The entire integrated circuit is controlled by an enable signal on the EN terminal that controls power to the rest of the circuits and establishes bias voltages as required. In the powerdown mode (the voltage on the EN terminal being low), various circuits shown in FIG. 3 are in a powerdown condition. In the exemplary embodiment, the circuits are designed so that the leakage from a battery charged by the battery charger of the present invention back through the charger when powered down is on the order of microamps, preferably less than approximately 2 microamps. Similarly, when the device in which the present invention charger is used is not plugged into a USB connection, the input voltage IN to the charger will be zero. In this condition, it is also desired to keep the leakage current low, preferably less than approximately 5 microamps in the exemplary embodiment.
  • [0017]
    There has been described herein a new and unique battery charger, the preferred embodiment being intended for the automatic charging of a battery in a battery operated device when plugged into a USB connection. While a preferred embodiment of the invention has been disclosed and described in detail herein, it has been so described for purposes of illustration and not for purposes of limitation. Accordingly various changes in form and detail may be made in the invention without departing from the scope and spirit thereof.
  • APPENDIX A
  • [0018]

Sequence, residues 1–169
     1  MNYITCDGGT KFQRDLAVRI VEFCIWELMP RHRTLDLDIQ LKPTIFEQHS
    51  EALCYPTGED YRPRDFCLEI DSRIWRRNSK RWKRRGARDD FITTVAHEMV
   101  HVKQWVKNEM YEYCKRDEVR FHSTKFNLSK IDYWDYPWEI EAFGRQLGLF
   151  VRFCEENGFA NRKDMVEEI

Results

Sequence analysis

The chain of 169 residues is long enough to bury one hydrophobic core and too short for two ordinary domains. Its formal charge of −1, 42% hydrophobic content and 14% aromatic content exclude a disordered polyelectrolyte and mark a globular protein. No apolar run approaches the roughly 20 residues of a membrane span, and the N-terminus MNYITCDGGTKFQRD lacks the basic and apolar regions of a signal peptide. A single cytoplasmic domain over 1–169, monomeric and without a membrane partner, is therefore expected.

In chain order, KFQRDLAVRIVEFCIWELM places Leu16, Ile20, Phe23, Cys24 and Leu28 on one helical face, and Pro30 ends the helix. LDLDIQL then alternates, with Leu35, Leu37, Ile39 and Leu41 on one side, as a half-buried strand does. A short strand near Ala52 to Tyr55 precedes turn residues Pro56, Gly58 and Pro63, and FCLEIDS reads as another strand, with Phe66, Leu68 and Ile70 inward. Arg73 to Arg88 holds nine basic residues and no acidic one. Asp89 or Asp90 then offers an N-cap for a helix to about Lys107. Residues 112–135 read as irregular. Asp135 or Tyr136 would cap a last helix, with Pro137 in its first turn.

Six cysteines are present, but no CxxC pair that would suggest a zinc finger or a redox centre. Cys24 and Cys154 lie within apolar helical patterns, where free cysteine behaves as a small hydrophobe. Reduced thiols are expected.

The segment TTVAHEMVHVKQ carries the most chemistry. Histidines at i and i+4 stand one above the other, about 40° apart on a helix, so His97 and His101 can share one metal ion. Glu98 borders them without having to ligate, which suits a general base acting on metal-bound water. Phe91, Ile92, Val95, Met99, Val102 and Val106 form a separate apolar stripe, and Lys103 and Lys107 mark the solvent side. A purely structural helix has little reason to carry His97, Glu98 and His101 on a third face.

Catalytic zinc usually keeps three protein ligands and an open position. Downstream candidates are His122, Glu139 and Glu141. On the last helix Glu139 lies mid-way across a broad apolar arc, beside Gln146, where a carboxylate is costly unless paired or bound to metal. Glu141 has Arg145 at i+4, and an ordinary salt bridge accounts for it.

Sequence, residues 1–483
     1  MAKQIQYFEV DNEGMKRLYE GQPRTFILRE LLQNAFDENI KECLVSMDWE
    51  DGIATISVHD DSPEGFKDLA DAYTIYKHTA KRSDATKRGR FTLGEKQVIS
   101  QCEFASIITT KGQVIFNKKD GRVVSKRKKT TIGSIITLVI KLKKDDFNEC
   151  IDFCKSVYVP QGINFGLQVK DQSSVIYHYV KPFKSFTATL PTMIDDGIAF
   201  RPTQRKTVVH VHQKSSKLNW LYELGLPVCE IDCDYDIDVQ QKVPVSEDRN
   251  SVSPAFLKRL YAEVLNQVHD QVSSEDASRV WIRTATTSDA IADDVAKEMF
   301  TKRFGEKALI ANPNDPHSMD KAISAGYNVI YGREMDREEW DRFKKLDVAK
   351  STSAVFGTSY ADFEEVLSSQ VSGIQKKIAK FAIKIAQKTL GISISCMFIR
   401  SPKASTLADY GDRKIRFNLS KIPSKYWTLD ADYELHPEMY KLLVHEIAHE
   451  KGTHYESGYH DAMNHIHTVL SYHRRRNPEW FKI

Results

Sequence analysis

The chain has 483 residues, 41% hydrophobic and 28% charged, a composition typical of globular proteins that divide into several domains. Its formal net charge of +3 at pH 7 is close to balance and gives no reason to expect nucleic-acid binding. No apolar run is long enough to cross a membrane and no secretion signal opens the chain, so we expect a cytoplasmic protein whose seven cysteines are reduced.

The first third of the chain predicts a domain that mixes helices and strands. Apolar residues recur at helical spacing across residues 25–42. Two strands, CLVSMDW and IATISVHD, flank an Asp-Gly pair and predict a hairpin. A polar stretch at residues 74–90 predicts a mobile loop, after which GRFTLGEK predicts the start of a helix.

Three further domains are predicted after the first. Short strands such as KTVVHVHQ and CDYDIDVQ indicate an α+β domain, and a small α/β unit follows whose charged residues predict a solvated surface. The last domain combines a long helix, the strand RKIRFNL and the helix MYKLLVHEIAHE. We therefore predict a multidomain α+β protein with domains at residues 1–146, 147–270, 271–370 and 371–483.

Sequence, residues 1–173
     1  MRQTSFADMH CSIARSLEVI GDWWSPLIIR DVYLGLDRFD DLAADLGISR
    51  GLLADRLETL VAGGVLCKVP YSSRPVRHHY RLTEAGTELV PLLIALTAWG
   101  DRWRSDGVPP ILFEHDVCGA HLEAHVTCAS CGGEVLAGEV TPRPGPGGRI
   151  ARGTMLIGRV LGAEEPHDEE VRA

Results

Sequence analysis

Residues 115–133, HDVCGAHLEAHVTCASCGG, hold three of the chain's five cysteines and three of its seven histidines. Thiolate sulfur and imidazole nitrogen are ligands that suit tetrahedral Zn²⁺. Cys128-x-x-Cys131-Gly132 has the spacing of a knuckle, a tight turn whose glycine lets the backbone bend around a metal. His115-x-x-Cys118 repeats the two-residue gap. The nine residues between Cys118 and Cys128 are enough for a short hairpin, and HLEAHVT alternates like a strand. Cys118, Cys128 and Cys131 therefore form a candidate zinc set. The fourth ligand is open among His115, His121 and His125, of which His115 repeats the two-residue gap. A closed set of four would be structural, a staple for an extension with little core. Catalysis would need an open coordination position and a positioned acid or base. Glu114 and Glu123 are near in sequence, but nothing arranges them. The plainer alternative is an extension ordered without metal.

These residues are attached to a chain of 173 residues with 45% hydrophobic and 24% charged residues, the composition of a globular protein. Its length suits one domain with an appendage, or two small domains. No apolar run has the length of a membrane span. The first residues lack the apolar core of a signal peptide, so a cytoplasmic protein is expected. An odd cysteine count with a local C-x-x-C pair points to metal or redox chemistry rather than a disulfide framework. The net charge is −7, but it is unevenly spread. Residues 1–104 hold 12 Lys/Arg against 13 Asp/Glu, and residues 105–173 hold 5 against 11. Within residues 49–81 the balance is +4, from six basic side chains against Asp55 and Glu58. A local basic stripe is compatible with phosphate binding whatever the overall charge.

I hereby appoint BLAKELY, SOKOLOFF, TAYLOR & ZAPMAN LLP, a firm including William E. Alford, Reg. No. 37,764, Farzad E. Arnini, Reg. No. 42,261; William Thomas Babbit, Reg. No. 39,591; Carol F. Barry, Reg. No. 41,600; Jordan Michael Becker, Reg. No. 39,602; Lisa N. Benado, Reg. No, 39,995; Bradley J. Beraznak, Reg. No. 33,474; Michael A, Bernadicou, Reg. No. 35,934; Roger W. Blakley Jr., Reg. No. 25,831; R. Alan Burnett, Reg. No. 46,149; Gregroy D. Caldwell, Reg. No. 39,926; Andrew C, Chen, Reg. No. 43,544; Thomas M. Coester, Reg. No, 39,637; Donna Jo Coningsby, Reg. No. 41,684; Dennis M. deGuzman, Reg. No. 41,702; Justin Dillon, Reg. No. 42,486; Stephen M. De Klerk, Reg. No. P46,503; Michael Anthony DeSanctis, Reg. No. 39,957; Daniel M. De Voe, Reg. No. 37,813; Sanjeet Dutta, Reg. No. P6,145; Matthew C. Fagan, Reg. No. 37,542; Tarak N. Fahmi Reg. No. 41,402; Georgo Fountain, Reg. No. 36,374; Paramite Ghosh, Reg. No. 42,806; James Y. Go, Reg. No. 40,621; James A. Henry, Reg. No. 41,064; Willmore F. Holbrow III, Reg. No. P41,845; Sheryl Sue Holloway, Reg. No. 37,850; George W Hoover II, Reg. No. 32,992; Erie S. Hyman, Reg. No. 30,139; William W. Kidd, Reg. No. 31,772; Sang Hui Kim, Reg. No. 40,450;, Walter T. Kim, Reg. No. 42,731; Eric T. King, Reg. No. 44,188: Erica W. Kuo, Reg. No. 42,775; George B. Leavell, Reg. No. 45,436; Gordon R. Lindsen III, Reg. No. 33,192; Jan Carol Little, Reg. No. 41,181; Robert G. Litis, Reg. No. 45,876; Kurt P. Leyendecker, Reg. No. 42,799; Julio Loza, Reg. No. P-47,758; Joseph Lutz, Reg. No. 43,765; Michael J. Mallie, Reg. No. 36,591; Andre L. Marais, under 37 C.F.R 10.9(b); Paul A. Mendonsa, Reg. No. 42,879; Clive D. Menezos, Reg. No. 45,493; Chun M. Ng, Reg. No. 36,878; Thien T. Nguyen, Reg, No. 43,835; Thinh V. Nguyen, Reg. No. 42,034; Dennis A. Nicholls Reg. No. 42,036; Daniel E. Ovaneslen, Reg. No. 41,236; Kenneth B. Paley, Reg. No. 38,989; Marina Portnova, Reg. No. 45,750; Michael A. Proksch Reg. No. 43,021; William F. Ryann, Reg. 44,313; James H. Salter, Reg. No. 35,668; Willam W. Schaal, Reg. No. 39,018; James C. Scheller, Reg. No. 31,195; Jeffery S. Schubert, Reg. No. 43,098, George Simion, Reg. No. P47,089; Jeffery Sam Smith, Reg. No. 39,377; Maria McCormack Sobrino, Reg. No. 31,639 Stanley W. Sokoloff, Reg. No. 25,128; Judith A. Szsepesi, Reg. No. 39,393; Vincent P. Tassinari, Reg, No. 42,179; Edwin H. Taylor, Reg. No. 25.129; John F. Travis, Reg. No. 43,203; Joseph A. Twarowski, Reg. No. 42,191; Kerry D. Tweet, Reg. No. 45,959; Mark C. Von Nes, Reg. No. 39,865; Thomas A. Van Zandt, Reg. No. 43,219; Lester J. Vincent Reg. No. 31,460; Glenn E. Von Tersch Reg. No. 41,364; John Patrick Ward, Reg. No. 40,216; Mark L. Watson, Reg. No. P46,322; Thomas C. Webster, Reg. No. P46,154; and Norman Zafman Reg. No. 26,250; my patent attorneys, and Firaat Ali, Reg. No. 45,715; and Justin M. Dillon, Reg. No. 42,456; Raul Martinez, Reg. No. 46,906; my patent agents, with offices located at 12400 Wilshire Boulevard, 7th Floor, Los Angeles, Calif. 90023, telephone (714) 557-3900, with full power of substitution and revocation, to prosecute this application and to transact all business in the Patent and Trademark Office connected herewith.